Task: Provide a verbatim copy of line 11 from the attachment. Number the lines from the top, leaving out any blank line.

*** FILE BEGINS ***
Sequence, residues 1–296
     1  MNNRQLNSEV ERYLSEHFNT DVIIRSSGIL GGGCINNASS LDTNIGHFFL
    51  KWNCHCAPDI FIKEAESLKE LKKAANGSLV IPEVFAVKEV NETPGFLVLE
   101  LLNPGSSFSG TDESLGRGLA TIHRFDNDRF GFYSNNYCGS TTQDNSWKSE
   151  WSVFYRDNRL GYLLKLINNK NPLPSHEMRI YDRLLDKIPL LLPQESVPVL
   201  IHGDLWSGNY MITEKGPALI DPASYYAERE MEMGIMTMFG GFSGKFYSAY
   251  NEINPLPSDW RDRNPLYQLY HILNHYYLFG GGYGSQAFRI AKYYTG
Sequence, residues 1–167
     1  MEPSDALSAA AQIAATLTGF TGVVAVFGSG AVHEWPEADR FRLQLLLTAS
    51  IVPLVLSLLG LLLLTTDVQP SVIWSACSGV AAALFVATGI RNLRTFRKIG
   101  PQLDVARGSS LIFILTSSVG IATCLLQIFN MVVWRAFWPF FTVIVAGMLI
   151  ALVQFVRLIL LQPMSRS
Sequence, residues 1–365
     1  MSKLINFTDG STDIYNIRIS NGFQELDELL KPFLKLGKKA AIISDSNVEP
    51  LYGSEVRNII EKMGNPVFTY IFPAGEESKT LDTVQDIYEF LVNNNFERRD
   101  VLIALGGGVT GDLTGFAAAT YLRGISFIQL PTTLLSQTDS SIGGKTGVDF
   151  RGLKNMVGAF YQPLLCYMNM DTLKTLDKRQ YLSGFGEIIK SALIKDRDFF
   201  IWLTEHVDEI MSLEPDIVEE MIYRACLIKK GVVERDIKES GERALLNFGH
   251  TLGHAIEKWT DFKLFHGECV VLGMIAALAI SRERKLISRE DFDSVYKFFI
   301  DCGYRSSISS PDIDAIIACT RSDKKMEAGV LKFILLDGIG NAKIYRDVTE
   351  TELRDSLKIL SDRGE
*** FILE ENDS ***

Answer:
   101  PQLDVARGSS LIFILTSSVG IATCLLQIFN MVVWRAFWPF FTVIVAGMLI